Bunt To Win: April ’13 Edition

In April, there were a total of 139 non-pitcher, non-squeeze sacrifice bunts (~35/wk).

– 11 had a WPA/RE24 > 0, 128 had a WPA/RE24 <= 0 That means that over 90% of those sacrifice bunts HURT the team, or did nothing to help the team win while giving up an out. - 20 (14.4%) were in the first 3 innings of the game (31 in inn. 4-6). - 61 (43.9%) were by the batter in the 1st or 2nd spot in the batting order (3rd spot is the only one w/ 0 bunts, so that's something) - 78 (56.1%) were 1--/0 ; 3 were 1--/1 (*) - 37 (26.6%) came with the bunting team behind (6) or ahead (31) by 2 or more runs (**) (*) - The 3 1--/1 bunts were more likely bunt for hit attempts, but we and the Play Index aren't perfect. (**) - There was 1 bunt with the bunting team behind by 3 runs. The Mariners were the smrt team, and to drive the point home they did this in the bottom of the 6th inning. Outs? We don't need no stinking outs! Notes: - The Padres led the month with 10, the Angels and Mariners followed with 9 each. (AL West baseball: It's FAN-tastic!). - Those 3 teams are a combined 18 games under .500 - The White Sox have just 1 sac bunt on the month. A beacon in the darkness! SMRT-est bunt of the week: 4/9, Rangers at Rays. Elvis Andrus, 0-0 (B1) | 1--/0. -.23 RE24. Honestly, we feel that unless it is part of a hostage negotiation situation, if you have your 2nd batter of the game bunt you should be forced to forfeit the game. That's the way baseball go, indeed.

Smrt baseball’s favorite target: The Sac Bunt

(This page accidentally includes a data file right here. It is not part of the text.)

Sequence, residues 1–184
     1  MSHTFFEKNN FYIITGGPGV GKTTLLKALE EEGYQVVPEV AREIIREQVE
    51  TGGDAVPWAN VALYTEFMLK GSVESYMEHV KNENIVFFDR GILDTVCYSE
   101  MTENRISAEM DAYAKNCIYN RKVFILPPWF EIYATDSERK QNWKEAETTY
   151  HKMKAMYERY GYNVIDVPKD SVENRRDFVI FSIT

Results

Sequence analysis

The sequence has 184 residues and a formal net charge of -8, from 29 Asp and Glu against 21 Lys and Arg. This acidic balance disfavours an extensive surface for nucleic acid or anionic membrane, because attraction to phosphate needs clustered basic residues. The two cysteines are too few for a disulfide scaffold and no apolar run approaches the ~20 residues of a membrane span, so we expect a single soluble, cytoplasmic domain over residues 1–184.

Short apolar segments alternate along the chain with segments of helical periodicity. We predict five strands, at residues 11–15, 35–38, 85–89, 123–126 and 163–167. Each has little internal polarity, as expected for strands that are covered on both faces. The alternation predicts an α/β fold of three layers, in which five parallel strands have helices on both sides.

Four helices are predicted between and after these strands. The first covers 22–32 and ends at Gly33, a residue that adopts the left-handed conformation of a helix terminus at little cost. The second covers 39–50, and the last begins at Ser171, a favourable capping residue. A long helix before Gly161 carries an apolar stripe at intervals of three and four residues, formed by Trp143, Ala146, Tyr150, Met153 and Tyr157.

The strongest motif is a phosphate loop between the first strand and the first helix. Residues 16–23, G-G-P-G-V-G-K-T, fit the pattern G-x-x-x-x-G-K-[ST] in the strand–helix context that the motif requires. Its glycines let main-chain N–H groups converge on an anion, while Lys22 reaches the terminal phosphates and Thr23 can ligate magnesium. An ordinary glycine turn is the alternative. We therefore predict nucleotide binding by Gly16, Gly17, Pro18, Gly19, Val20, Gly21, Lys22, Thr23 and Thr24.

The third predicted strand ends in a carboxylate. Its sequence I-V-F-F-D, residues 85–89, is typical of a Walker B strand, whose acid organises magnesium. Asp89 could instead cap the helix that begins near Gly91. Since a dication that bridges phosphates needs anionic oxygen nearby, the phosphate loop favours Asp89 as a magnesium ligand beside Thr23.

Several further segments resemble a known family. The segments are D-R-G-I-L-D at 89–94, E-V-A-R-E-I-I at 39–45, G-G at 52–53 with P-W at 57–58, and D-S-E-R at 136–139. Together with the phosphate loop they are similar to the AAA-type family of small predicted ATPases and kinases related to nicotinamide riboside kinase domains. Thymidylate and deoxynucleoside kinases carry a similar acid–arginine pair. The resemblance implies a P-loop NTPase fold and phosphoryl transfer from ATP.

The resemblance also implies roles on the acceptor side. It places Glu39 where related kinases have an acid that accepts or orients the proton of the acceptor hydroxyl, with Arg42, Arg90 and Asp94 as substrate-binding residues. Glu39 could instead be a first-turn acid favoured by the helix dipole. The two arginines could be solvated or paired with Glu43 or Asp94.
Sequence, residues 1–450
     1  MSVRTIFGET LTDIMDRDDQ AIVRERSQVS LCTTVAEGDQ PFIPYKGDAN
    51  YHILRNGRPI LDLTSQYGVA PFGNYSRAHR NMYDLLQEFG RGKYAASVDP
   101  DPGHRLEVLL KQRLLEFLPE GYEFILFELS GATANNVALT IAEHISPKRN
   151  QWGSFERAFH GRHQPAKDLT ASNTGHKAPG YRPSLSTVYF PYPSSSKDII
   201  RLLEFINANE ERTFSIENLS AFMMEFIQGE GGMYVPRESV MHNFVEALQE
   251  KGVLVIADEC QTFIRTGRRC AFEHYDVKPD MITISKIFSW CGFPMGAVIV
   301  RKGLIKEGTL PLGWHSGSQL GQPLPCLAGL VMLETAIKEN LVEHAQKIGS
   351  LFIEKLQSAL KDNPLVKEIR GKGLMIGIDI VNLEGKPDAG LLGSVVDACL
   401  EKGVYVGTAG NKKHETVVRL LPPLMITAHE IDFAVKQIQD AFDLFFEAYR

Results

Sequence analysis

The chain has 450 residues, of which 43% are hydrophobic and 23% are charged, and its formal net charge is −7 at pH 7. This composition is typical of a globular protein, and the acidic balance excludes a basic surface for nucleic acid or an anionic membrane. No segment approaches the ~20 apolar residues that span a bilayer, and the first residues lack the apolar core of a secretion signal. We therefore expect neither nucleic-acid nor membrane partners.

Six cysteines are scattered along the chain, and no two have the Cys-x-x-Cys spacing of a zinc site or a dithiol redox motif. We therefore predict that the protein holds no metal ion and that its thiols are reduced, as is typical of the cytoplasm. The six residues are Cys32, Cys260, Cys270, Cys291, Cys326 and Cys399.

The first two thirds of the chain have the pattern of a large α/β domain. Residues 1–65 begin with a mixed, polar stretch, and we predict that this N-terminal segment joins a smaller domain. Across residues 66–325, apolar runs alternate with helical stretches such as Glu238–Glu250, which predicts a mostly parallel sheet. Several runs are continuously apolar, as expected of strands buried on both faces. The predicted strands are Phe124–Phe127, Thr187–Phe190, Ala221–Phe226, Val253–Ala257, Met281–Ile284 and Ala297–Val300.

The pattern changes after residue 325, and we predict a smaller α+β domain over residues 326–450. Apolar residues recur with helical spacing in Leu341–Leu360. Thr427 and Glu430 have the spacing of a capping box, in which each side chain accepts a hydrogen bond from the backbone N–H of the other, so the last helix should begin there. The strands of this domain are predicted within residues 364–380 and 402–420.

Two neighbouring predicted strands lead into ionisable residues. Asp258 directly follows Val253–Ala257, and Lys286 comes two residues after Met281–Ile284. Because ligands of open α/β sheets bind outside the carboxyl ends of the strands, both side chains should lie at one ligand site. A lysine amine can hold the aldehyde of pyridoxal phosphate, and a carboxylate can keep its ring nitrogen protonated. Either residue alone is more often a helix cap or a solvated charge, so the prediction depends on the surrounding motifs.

Sac bunts are stupid. Think of it this way: If a player said to you “Man, I love purposely trying to make an out just to move the guy(s) on base up 90 feet!” you’d say “Shut up, Juan Pierre.”

Seriously. The very idea, when said aloud, explains how stupid it is. (*)

Now, we’re talking specifically about sacrifice bunts. Squeeze bunts are fine (smart, even!), because trading an out for a run is much better than trading an out for any other 90′ stretch of dirt. Bunting for a hit is okay, I guess, but the players who are most likely to do this are the players most likely to see a defense prepared for it so, not great baseball.

We’re not fooled by claims that the runner can beat out the throw or the defense could make an error and thus sac bunts are fine. If those things happen, you’ve FAILED to do what you set out to (make an out). Just because you fail into a better situation doesn’t change the fact that you failed.

We’d have to think on it more to be sure, but it’s possible that the only thing more hated than a sac bunt is a pitcher who just can’t help but walk a guy trying to sac bunt. Free tip: If they want to make outs, help them.

(*) – Yes, there are exceptions to every rule. There ARE situations in which a sac bunt has a positive expectation. Those situations are rare, and they certainly don’t happen in the first, say, 6 innings of a game. Anyone who tries to convince you otherwise is embarrassed and trying to save face.